“The Chinese government always encourages Chinese companies to conduct economic and trade cooperation overseas in accordance with international rules and local laws,” it said.
Kunlun first acquired 60% of Grindr in 2016 for $93 million, amid a wave of acquisitions of U.S. technology companies by Chinese firms. At the time CFIUS focused on traditional national security concerns, such as the use of technology for potential military applications, the former U.S. security officials said.
Submissions of deals to CFIUS for review were entirely voluntary then, and Kunlun did not think it needed to submit its purchase of Grindr because it was convinced the deal posed no national security risk, two sources close to the company said.
After that deal was completed Kunlun tasked engineers in Beijing to improve the app, former employees said. The team worked out of the second floor of Ming Yang International Center, Kunlun’s 11-story headquarters east of the Palace Museum in Beijing, one former employee said.
At first, they did not have access to Grindr’s database, six former employees said. But that changed when Kunlun bought out the remainder of Grindr for $152 million, and the dating app’s founder and CEO, Joel Simkhai, left.
Kunlun shifted a significant portion of Grindr’s operations to Beijing, seven former employees said. Some outside contractors ended their work, and most of Grindr’s U.S. engineers were subsequently let go or resigned, they said.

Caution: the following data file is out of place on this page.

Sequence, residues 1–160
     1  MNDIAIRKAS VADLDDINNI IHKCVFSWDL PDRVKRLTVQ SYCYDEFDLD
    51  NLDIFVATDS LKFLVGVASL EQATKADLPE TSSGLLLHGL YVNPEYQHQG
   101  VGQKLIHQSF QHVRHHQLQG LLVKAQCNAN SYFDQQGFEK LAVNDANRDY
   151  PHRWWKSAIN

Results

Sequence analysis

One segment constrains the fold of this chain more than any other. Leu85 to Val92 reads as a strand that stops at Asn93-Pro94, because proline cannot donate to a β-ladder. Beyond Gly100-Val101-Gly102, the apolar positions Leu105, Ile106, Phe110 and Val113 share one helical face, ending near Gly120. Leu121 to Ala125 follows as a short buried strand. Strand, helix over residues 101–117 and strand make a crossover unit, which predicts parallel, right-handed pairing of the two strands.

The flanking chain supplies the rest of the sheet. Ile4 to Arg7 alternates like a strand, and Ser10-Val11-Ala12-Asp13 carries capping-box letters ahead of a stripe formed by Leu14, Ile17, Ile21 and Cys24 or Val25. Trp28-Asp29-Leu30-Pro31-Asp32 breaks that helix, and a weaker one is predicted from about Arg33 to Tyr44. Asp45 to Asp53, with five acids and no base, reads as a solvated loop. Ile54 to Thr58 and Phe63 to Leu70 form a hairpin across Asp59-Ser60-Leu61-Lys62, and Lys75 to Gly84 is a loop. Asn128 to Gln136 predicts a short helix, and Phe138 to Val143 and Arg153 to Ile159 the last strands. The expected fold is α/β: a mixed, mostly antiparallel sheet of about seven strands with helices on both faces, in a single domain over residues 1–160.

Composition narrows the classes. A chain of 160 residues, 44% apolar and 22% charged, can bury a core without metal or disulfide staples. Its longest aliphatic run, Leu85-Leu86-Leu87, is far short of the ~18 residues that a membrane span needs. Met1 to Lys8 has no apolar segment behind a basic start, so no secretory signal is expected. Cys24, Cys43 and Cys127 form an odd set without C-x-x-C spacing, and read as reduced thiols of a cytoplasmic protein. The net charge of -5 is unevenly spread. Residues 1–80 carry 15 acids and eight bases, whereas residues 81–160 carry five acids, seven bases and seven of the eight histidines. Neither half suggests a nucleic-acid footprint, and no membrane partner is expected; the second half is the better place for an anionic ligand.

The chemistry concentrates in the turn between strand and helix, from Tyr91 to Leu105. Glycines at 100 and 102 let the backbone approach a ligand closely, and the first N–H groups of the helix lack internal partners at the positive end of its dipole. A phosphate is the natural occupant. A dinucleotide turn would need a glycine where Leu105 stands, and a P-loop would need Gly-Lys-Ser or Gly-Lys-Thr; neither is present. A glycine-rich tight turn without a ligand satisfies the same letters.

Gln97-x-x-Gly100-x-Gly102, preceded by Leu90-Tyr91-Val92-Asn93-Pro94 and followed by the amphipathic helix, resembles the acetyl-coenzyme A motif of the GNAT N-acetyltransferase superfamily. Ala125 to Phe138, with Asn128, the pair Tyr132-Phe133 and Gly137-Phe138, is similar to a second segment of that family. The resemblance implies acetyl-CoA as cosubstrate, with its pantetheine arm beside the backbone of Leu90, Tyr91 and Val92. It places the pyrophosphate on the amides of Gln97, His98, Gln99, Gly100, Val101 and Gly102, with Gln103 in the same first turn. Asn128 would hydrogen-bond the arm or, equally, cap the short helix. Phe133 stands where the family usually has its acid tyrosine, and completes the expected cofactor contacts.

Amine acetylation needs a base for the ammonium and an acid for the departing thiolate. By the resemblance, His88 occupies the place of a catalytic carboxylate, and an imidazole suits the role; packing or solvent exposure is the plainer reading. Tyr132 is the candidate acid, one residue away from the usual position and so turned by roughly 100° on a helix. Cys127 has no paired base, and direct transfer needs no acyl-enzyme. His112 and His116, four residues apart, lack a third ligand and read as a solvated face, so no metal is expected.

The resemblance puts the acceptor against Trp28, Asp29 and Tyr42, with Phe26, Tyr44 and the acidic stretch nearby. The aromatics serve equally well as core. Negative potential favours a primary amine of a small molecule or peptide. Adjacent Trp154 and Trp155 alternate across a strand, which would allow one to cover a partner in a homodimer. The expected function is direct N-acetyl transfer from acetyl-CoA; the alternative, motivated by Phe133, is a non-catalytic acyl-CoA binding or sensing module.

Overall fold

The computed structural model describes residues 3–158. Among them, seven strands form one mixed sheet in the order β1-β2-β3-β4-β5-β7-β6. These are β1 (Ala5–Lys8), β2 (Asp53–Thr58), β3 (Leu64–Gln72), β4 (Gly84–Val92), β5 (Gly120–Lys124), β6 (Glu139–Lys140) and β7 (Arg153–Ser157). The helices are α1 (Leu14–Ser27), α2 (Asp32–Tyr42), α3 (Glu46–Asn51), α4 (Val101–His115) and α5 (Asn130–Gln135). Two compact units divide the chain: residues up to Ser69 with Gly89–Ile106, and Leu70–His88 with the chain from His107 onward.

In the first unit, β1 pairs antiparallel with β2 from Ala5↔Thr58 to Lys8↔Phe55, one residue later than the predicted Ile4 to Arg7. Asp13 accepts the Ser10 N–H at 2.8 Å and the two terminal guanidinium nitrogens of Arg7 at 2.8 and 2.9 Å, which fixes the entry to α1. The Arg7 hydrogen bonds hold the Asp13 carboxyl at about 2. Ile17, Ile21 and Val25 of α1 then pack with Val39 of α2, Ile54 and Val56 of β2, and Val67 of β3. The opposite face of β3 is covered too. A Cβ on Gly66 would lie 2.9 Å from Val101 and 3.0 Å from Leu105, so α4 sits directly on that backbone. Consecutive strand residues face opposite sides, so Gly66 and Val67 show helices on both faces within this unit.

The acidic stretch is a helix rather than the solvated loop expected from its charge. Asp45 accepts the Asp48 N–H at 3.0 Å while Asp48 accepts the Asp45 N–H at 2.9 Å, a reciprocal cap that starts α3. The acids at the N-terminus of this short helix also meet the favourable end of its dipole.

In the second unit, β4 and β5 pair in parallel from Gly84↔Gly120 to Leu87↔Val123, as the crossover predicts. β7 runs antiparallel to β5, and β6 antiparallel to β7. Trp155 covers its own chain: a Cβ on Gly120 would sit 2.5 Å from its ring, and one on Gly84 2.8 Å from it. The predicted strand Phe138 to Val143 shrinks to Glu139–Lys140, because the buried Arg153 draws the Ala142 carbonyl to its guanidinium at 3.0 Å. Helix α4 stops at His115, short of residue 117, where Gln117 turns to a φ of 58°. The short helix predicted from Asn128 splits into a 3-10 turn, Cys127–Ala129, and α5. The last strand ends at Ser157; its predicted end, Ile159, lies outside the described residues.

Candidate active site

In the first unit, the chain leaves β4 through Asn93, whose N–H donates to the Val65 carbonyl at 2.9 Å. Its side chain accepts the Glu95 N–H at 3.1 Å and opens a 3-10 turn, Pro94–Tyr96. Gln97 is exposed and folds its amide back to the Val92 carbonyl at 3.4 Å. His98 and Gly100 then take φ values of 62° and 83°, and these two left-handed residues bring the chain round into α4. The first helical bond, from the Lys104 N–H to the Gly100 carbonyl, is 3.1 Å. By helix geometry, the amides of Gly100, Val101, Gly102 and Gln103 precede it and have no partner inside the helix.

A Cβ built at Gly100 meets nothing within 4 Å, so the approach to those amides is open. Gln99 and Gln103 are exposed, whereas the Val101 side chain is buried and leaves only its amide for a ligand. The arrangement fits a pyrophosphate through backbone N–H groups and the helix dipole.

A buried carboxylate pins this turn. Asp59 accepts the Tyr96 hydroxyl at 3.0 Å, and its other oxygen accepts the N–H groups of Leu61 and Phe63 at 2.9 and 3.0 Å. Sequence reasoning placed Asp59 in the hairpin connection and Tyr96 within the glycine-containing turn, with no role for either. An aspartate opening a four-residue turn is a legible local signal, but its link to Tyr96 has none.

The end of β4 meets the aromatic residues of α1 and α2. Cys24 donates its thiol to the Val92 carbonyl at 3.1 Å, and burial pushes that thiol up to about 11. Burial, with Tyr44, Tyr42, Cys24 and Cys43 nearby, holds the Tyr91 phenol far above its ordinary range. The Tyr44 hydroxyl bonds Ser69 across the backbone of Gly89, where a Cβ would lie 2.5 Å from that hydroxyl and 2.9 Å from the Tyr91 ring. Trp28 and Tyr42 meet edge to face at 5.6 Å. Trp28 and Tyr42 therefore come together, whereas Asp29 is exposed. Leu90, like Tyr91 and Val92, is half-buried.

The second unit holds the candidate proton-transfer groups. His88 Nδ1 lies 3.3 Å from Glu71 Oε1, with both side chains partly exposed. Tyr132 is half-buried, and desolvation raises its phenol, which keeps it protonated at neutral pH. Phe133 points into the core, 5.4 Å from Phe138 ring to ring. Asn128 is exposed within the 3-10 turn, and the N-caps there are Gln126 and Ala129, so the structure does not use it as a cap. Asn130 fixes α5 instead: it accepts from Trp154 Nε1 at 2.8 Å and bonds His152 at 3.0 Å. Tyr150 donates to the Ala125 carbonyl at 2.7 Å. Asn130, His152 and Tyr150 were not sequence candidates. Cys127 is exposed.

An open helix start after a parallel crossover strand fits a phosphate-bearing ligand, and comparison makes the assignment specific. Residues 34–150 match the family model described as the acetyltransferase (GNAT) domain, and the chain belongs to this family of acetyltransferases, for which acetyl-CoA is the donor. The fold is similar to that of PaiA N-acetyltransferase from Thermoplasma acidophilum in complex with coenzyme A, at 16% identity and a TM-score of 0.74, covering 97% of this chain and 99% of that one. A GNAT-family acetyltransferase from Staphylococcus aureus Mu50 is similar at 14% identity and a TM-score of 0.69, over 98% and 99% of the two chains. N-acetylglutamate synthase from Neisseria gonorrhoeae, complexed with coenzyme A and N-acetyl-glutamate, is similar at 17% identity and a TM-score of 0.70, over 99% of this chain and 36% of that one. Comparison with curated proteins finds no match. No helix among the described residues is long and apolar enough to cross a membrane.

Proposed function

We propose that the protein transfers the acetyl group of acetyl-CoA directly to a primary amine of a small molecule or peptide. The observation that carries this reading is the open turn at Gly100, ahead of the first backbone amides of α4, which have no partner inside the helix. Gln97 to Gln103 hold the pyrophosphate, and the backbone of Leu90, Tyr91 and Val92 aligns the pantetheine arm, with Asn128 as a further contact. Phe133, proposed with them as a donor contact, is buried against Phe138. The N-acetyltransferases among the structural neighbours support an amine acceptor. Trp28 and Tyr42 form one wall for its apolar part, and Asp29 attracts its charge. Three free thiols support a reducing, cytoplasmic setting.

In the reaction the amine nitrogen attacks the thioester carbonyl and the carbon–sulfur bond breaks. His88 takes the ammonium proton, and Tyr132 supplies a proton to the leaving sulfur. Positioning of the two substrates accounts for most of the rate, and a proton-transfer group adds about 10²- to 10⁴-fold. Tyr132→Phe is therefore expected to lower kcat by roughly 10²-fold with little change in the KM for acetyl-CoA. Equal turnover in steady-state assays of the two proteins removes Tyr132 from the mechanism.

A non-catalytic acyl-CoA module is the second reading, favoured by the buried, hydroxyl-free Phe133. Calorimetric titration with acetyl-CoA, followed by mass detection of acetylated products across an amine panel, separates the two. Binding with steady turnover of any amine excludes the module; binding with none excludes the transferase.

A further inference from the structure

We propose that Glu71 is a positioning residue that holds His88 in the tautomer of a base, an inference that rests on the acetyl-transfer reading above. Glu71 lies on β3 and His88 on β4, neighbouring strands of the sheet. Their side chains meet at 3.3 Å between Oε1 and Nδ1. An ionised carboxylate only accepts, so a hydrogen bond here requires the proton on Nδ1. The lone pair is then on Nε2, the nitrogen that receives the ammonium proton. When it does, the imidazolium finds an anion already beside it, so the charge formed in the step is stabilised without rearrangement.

Some U.S. employees who learned that the database access had been given to colleagues in China raised concerns about privacy with management, but they were told that they should not worry, two former employees said.
About a month after CFIUS’ September order, Kunlun told the panel the Beijing team’s access to Grindr’s database had been restricted, the source close to the company said.
Grindr also hired a cyber forensic firm and a third-party auditor at CFIUS’s behest to report on its compliance and to make sure the data was secure, the source said.
Kunlun started to operationally separate Grindr as well, making Grindr Beijing a different legal entity, transferring some Chinese employees from Kunlun to Grindr, and finding separate office space for Grindr in Beijing, former employees said.
Reuters could not determine what triggered CFIUS’ initial concerns about the Grindr deal, or whether Kunlun’s steps were directly aimed at allaying the panel’s fears.
By February, Kunlun had decided to shut down Grindr’s Beijing office, parting ways with some of the roughly two dozen employees there, two former employees said.
It told them the decision was taken because of policy reasons and concerns about data privacy, they said.
In March, Reuters first reported that CFIUS had asked Kunlun to divest Grindr.
Behind the scenes, the source close to the company said, Kunlun kept trying to salvage the Grindr deal until as recently as last week, when it said it would sell it by June next year.
Reporting by Echo Wang and Carl O'Donnell in New York; Additional reporting by Stella Qiu and Liangping Gao in Beijing ; Editing by Greg Roumeliotis and Paritosh Bansal